BREXIT – Currently your rights and entitlements as EU citizens continue unchanged.
Please click HERE for updates on the future implications of Brexit.

Irish border to top agenda at Brexit summit

1 November 2016, Sky News

With bilateral trade between Ireland and the UK topping £1.35bn a week, the Irish fear Brexit could devastate their economy

Ireland’s Prime Minister will today host an unprecedented cross-border summit to address fears about the impact of Brexit on travel, trade, the economy and security.

Enda Kenny TD has invited political parties, business leaders, security chiefs and other experts to participate in an “All Island Civic Dialogue” in Dublin.

“It’s more of a listening exercise from political parties because we need to hear the voice of retail, the voice of trade, of commerce, of the construction sector, education and all of these areas, north and south,” he said.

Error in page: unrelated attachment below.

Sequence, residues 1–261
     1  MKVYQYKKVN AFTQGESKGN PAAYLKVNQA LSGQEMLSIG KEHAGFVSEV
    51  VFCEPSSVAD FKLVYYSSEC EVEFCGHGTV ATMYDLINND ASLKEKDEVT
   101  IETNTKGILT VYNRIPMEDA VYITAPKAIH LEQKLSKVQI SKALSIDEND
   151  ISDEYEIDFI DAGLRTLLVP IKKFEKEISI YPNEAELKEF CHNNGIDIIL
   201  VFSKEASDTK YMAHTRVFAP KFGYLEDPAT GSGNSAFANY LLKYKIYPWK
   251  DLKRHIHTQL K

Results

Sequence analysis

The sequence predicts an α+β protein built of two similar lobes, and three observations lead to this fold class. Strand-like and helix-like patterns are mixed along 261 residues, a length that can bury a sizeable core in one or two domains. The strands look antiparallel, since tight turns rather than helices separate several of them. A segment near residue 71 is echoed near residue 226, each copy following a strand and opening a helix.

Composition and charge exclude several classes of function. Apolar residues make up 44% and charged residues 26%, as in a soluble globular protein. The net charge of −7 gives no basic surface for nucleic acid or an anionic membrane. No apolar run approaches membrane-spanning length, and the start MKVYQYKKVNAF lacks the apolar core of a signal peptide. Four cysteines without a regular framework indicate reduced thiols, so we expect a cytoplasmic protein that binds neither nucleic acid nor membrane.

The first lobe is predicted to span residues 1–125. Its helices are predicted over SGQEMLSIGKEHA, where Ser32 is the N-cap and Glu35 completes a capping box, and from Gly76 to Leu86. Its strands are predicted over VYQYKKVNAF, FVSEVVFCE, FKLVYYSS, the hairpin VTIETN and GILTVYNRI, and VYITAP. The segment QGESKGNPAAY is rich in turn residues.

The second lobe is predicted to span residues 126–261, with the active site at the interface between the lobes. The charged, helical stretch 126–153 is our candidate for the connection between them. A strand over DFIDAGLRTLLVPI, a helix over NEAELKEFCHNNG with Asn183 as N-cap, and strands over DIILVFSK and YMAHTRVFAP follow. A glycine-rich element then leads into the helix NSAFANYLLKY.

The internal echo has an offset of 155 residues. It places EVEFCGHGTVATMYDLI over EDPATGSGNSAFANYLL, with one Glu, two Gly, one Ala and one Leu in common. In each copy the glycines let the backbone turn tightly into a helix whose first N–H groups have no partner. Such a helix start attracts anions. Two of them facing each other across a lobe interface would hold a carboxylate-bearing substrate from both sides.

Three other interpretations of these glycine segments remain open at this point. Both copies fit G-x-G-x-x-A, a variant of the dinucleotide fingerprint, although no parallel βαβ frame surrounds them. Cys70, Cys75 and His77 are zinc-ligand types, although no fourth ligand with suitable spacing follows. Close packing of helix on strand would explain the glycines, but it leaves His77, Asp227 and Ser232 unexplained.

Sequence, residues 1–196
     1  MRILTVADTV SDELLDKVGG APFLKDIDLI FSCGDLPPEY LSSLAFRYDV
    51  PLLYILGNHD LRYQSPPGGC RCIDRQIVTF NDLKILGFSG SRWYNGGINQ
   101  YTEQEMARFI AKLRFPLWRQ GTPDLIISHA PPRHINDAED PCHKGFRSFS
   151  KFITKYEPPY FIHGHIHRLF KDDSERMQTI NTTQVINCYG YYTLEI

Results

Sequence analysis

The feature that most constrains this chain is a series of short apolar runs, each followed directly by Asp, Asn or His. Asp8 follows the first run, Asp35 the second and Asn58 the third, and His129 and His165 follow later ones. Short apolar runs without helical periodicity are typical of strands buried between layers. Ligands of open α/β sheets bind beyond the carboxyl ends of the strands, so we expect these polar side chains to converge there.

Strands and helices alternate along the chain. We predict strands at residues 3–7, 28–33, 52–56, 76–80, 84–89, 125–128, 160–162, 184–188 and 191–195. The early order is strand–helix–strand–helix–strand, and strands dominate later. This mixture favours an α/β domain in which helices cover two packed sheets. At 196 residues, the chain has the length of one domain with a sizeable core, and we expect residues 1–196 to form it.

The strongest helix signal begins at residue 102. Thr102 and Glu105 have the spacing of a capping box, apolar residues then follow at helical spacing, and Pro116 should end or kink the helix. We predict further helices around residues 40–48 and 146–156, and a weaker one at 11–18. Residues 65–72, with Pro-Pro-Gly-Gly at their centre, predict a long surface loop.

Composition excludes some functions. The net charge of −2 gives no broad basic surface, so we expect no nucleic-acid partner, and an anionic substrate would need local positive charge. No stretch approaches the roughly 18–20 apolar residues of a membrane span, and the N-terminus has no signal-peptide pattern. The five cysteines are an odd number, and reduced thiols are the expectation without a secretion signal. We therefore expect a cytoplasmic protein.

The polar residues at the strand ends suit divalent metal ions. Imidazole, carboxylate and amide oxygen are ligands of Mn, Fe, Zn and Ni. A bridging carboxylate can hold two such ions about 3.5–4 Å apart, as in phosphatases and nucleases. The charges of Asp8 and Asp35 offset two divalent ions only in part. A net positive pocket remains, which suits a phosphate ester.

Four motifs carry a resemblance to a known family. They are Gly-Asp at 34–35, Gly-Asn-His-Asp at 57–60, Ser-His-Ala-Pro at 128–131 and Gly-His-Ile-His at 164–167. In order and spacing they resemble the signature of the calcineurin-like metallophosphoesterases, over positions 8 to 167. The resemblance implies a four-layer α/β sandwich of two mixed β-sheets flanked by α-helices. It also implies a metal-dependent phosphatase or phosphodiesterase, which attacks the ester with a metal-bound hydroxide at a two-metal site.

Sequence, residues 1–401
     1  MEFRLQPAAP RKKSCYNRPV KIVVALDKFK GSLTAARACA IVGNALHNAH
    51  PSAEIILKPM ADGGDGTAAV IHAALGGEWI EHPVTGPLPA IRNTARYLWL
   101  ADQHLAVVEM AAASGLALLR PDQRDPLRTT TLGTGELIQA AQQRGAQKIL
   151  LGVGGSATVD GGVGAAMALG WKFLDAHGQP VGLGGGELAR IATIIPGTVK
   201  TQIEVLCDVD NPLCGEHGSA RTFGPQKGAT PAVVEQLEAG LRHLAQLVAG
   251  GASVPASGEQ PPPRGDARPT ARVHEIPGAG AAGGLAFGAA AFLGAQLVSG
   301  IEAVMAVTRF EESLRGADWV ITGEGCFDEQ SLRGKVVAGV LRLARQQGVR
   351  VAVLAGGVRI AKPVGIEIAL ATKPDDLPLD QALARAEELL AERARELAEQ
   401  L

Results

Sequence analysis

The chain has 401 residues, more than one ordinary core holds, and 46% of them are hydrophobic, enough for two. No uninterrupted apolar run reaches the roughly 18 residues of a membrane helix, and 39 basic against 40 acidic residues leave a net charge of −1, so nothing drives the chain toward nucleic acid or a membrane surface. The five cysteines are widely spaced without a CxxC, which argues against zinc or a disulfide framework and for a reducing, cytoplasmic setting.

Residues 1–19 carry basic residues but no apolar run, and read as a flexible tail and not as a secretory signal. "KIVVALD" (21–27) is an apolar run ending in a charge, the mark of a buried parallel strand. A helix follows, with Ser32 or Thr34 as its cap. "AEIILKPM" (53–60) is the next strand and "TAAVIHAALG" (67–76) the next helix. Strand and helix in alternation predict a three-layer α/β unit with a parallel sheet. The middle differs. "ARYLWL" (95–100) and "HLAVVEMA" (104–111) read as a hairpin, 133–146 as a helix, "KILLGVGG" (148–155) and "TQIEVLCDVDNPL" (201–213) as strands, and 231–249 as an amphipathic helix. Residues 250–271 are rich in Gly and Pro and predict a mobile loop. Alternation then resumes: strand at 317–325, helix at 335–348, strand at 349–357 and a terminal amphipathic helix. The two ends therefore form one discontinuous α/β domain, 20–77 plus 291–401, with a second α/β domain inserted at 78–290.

With bilateral trade between them topping £1.35bn a week, the Irish fear the United Kingdom’s decision to leave the European Union could devastate their economy.

Irish Foreign Minister, Charlie Flanagan TD, said: “Brexit has been described as the biggest foreign policy issue facing the UK since the EEC accession in 1973.

“In many ways, the same is true of Ireland.”

The issue of the Irish border will top the agenda. It is the only land boundary between the UK and the rest of the EU.

Irish government sources concede that it will be “virtually impossible” to retain an open border without agreement between the UK and other EU member states.

Last week, Northern Ireland’s High Court dismissed the first legal challenges to Brexit, ruling there was no legal impediment to the government triggering Article 50.

Deputy First Minister, Martin McGuinness MLA, said Northern Ireland should push the EU for “special status” to avoid the “devastating consequences” of the referendum result.

Northern Ireland, like Scotland, voted to remain in the EU but Northern Ireland’s First Minister, Arlene Foster MLA, and her party had campaigned to leave.

Mrs Foster dismissed the Dublin summit as a “grandstanding exercise” and said she had better things to do than be a “loan voice among remoaners.”